Tackling the Islamic State Requires Realistic Goals

No-fly zones and ground invasions aren't the solution



After a bloody series of terrorist attacks, the natural impulse is to respond with overwhelming force to make sure they never happen again. The 9/11 carnage prompted a U.S. invasion of Afghanistan to smash al Qaida, which carried out the attacks, and remove the Taliban, which furnished the plotters a safe refuge. 

The Paris attacks have spurred new calls for a change in U.S. strategy toward the Islamic State, also known as ISIS and ISIL, which occupies large sections of Iraq and Syria. But this is not a new American war; it's one we have been pursuing since August 2014. And the group's newly demonstrated ability to slaughter people well beyond the Middle East does not mean the options for fighting it have improved. 

The two main ideas coming from presidential candidates are a no-fly zone, championed by Hillary Clinton and others, and a ground invasion, proposed by Jeb Bush and some of his GOP rivals. Neither was a good idea before Paris, and neither has improved with time. 

It's easy to forget that a no-fly zone would have little effect on the Islamic State, which has no air force. If anything, it would help the group. This step would affect only the Syrian government and its Russian ally in their fight against insurgents—which include the Islamic State. 

If our primary goal is to topple Syrian President Bashar Assad, a no-fly zone has a certain logic. But if the highest priority is crippling the Islamic State, it would be self-defeating. It would also create the risk of shooting down a Russian military jet, sparking a showdown with a nuclear superpower. 

Toppling Assad would carry grave hazards. In 2013, then-Joint Chiefs of Staff Chairman Martin Dempsey warned, "Should the regime's institutions collapse in the absence of a viable opposition, we could inadvertently empower extremists"—notably the Islamic State. 

A ground invasion would pose dangers that should be familiar by now. Among them: a huge escalation from our initial commitment, as happened in Afghanistan, where the U.S. troop presence ballooned from 5,200 in 2002 to 30,000 in 2008 to 100,000 in 2010. Getting into a ground war is a lot easier than winning one. U.S. troops can do more to inflame than to suppress enmity.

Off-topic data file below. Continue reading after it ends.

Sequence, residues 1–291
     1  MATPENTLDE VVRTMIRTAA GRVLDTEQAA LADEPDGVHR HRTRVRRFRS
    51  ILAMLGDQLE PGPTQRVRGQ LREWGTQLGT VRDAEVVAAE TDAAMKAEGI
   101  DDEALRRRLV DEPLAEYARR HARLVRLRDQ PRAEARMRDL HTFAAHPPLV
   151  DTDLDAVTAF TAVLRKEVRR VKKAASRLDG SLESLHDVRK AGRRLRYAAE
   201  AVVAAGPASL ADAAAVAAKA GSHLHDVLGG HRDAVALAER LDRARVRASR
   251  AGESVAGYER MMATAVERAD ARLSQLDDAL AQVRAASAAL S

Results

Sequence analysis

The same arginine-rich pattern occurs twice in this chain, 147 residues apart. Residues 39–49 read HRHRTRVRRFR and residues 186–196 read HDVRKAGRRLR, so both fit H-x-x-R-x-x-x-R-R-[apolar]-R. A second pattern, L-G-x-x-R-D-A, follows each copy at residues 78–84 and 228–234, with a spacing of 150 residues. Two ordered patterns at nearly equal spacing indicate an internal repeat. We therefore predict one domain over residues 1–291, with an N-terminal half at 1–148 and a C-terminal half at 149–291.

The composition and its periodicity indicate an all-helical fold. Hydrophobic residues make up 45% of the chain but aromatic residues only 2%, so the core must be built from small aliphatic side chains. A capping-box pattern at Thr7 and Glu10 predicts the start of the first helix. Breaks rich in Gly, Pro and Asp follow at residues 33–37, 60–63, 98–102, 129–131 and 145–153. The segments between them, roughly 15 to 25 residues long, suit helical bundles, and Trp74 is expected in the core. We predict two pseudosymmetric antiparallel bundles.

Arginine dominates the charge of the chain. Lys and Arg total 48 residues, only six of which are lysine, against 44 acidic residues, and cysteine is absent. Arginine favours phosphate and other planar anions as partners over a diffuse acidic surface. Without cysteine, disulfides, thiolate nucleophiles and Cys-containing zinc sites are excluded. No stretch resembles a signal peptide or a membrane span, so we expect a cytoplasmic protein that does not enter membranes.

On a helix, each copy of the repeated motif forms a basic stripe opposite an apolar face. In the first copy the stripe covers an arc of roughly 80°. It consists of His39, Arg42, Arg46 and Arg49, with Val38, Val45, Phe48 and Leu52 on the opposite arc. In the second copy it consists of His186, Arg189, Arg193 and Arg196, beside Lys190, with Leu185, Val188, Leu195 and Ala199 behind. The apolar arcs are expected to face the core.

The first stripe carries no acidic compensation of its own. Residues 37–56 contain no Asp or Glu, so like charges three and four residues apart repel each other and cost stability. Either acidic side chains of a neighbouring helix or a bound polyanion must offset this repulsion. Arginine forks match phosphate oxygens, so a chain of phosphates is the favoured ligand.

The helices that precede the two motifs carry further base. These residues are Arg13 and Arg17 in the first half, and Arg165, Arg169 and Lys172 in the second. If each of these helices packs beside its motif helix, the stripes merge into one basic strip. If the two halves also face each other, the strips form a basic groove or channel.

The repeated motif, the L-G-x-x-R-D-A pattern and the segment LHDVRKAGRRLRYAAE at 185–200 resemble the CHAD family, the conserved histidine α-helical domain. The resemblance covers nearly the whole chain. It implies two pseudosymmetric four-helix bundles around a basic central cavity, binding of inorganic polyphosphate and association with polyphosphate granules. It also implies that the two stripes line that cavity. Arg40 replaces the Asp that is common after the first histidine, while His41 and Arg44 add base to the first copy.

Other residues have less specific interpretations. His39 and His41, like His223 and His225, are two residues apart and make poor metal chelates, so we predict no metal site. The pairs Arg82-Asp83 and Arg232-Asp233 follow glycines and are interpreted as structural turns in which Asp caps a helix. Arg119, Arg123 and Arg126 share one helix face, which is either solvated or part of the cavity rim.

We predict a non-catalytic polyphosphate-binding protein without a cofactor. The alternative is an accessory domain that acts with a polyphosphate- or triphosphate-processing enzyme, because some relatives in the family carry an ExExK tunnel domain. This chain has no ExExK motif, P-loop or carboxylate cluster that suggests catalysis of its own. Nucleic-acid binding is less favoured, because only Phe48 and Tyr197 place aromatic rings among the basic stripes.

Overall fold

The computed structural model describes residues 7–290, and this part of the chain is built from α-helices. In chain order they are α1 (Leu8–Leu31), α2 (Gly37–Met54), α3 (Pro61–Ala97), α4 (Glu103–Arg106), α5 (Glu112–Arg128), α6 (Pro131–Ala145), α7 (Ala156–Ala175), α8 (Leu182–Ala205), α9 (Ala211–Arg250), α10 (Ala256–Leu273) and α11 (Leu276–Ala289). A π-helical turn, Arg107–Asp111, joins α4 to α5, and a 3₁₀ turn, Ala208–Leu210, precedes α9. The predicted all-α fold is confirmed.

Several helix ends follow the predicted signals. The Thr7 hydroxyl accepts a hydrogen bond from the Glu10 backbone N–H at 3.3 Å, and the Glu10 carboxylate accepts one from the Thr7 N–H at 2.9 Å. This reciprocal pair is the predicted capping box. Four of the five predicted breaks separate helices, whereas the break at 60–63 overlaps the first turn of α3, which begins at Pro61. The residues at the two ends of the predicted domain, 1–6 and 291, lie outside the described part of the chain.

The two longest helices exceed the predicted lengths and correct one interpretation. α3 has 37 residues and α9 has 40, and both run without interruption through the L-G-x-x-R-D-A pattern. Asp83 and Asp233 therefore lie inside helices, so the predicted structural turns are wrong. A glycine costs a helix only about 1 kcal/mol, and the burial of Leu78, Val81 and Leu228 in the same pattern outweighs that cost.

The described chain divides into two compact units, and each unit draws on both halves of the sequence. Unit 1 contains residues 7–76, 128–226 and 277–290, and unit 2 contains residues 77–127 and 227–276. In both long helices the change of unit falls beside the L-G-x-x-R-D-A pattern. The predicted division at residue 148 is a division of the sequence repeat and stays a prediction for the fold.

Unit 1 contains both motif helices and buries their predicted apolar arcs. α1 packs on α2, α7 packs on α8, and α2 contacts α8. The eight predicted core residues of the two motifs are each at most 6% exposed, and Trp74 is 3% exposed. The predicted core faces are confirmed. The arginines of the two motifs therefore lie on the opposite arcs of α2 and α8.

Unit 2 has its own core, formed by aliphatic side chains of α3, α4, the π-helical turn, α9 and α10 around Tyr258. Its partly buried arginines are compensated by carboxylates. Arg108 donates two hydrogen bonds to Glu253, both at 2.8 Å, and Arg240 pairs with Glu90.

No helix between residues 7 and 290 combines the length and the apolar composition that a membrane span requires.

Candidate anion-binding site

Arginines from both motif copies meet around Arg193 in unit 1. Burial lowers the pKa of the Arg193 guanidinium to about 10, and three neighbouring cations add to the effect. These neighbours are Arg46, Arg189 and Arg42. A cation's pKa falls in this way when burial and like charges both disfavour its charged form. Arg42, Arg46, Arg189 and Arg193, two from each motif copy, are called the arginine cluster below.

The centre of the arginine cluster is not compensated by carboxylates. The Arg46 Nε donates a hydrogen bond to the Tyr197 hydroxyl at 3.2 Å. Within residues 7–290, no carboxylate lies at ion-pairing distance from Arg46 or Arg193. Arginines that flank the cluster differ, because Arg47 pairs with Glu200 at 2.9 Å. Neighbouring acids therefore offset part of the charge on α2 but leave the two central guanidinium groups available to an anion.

The fantasy common among those seeking the White House is total victory. Bush vowed to build a coalition "to take out ISIS with overwhelming force." Clinton said her mission "is not to deter or contain ISIS but to defeat and destroy ISIS." Marco Rubio said, "When I am president, what I will do to defeat ISIL is very simple: whatever it takes." 

They imagine we can vanquish it as we did imperial Japan. But the Islamic State is not an established, unified nation-state. It's a diffuse entity that can migrate across borders and generate followers and affiliated groups in other places—as it has done already in Egypt and Libya. 

No country has more experience fighting vicious terrorists than Israel, which has learned that chasing total victory is like trying to drink the ocean dry. In 2006, it invaded Lebanon to go after Hezbollah, which was firing rockets into Israel. The stated goal was to "remove this threat once and for all." 

It didn't succeed. The outcome was a draw that only diminished the threat for a while. A few months ago, The New York Times reported that Israel was preparing "for what it sees as an almost inevitable next battle with Hezbollah." Israel has had similar experiences against Hamas, invading Gaza three times in the past seven years but choosing not to attempt to dislodge the radical group from power.